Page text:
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Urinary Sphincter Replacement
WHAT YOU NEED TO KNOW:
- Urinary sphincter replacement is surgery to replace your urinary sphincter with an artificial urinary sphincter (AUS). The urinary sphincter is a muscle that surrounds your urethra. Your urethra is a tube that carries urine from your bladder to outside your body. Your urinary sphincter squeezes your urethra to keep urine in your bladder until it is time to urinate. An AUS keeps urine from leaking when your urinary sphincter no longer works as it should.
- An AUS device has a balloon reservoir, a cuff, and a pump that connect together. When your AUS is turned on, liquid inside the balloon flows into the cuff. When the cuff is filled, it squeezes your urethra and prevents urine from leaking out of your bladder. To urinate, you press the pump, which relaxes the cuff and allows urine to flow out of your bladder.
- Medicines may be needed to decrease pain or to prevent infection.
- Take your medicine as directed. Contact your healthcare provider if you think your medicine is not helping or if you have side effects. Tell him if you are allergic to any medicine. Keep a list of the medicines, vitamins, and herbs you take. Include the amounts, and when and why you take them. Bring the list or the pill bottles to follow-up visits. Carry your medicine list with you in case of an emergency.
Follow up with your healthcare provider or surgeon in 1 to 2 weeks:
You will need to return to have your wound checked. You will also need to return in 6 to 8 weeks to have your AUS turned on. Healthcare providers will teach you how to use your AUS. Write down your questions so you remember to ask them during your visits.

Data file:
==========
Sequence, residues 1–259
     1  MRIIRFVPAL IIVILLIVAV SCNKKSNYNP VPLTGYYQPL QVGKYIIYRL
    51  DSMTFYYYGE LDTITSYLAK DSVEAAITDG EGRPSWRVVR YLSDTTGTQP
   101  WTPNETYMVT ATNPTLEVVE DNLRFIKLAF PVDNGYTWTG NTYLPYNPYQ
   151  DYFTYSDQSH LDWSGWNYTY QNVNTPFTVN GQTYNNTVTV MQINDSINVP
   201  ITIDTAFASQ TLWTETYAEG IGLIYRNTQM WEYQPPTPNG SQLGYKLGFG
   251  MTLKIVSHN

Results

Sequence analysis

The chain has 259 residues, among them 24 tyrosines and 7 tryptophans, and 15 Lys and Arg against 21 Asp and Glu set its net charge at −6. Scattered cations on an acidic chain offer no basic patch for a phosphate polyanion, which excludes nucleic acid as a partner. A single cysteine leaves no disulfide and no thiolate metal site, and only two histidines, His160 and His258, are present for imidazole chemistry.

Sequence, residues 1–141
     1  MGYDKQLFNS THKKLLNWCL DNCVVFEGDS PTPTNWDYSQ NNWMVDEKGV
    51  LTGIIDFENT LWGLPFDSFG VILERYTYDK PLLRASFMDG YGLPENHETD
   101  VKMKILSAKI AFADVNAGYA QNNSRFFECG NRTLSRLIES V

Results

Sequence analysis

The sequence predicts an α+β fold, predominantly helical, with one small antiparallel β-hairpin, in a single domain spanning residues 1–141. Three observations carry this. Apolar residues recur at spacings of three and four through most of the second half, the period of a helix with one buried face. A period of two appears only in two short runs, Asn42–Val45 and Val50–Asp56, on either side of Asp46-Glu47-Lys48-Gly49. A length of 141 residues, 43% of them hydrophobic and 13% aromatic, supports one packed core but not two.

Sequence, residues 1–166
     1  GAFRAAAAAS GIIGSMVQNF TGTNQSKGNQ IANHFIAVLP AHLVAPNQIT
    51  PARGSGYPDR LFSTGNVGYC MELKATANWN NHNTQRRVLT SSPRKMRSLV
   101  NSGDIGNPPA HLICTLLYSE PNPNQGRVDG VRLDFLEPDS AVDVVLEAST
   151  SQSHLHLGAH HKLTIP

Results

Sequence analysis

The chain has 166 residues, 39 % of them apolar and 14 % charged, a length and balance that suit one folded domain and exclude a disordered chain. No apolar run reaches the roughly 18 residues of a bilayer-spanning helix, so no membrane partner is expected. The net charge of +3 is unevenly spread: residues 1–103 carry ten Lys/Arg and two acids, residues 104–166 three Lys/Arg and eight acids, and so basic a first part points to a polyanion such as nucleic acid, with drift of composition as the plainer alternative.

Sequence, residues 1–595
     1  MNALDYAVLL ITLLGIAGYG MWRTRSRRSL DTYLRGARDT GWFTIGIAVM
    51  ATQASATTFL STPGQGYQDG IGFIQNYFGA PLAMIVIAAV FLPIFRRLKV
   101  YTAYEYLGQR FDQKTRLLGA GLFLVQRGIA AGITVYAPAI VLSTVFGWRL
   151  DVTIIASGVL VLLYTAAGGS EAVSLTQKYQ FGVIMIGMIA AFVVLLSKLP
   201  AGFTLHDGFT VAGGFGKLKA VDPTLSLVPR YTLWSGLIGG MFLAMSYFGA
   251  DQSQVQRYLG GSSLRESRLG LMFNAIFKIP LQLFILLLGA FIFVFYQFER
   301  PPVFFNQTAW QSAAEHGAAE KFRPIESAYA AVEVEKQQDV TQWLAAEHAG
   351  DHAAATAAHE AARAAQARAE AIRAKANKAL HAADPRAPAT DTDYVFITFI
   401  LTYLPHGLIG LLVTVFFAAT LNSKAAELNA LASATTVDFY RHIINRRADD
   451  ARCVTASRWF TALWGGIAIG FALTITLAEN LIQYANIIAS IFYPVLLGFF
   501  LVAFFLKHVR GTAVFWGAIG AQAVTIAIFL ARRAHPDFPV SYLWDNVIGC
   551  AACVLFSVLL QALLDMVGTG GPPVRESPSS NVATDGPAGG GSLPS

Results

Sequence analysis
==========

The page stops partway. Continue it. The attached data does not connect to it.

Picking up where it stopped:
Care for your wound as directed. When you are allowed to bathe, carefully wash the wound with soap and water. Dry the area and put on new, clean bandages as directed. Change your bandages when they get wet or dirty.
Avoid activities and exercises that put pressure on your genital area or your wound. Ask your healthcare provider or surgeon which activities are best for you. Do not have sex for at least 6 weeks after surgery. This gives your wound time to heal. Ask your healthcare provider or surgeon when you can return to work and other daily activities.
When to turn off your AUS:
Turn off your AUS as directed. You may need to turn off your AUS at the following times:
- At night to decrease pressure on your urethra and prevent damage
- For procedures that involve your urinary system
- The last 3 months of pregnancy to prevent cuff damage from the baby's head
Contact your healthcare provider or surgeon if:
- You have a fever.
- Your wound is red, swollen, or draining pus.
- You have pain when you urinate, or you see blood in your urine.
- You have to press the pump more times than usual to open the AUS.
- Your AUS cuff is on and closed, and you keep leaking urine.
- You do not think you are emptying your bladder completely when you urinate.
- You have questions or concerns about your condition or care.
Seek care immediately or call 911 if:
- You cannot urinate.
- You cannot find the pump to open your AUS.
- Urine is leaking from your wound.
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The above information is an educational aid only. It is not intended as medical advice for individual conditions or treatments. Talk to your doctor, nurse or pharmacist before following any medical regimen to see if it is safe and effective for you.